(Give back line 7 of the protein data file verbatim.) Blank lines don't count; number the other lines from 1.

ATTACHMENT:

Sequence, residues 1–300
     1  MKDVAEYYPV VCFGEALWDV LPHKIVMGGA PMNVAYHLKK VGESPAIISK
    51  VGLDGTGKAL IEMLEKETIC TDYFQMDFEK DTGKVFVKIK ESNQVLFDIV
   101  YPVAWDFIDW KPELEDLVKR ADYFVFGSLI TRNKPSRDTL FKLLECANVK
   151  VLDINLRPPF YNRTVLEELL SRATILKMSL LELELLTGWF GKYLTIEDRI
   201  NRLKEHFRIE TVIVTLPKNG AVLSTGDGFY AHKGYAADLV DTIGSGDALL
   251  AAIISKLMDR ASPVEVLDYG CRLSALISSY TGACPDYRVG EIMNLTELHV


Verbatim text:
   251  AAIISKLMDR ASPVEVLDYG CRLSALISSY TGACPDYRVG EIMNLTELHV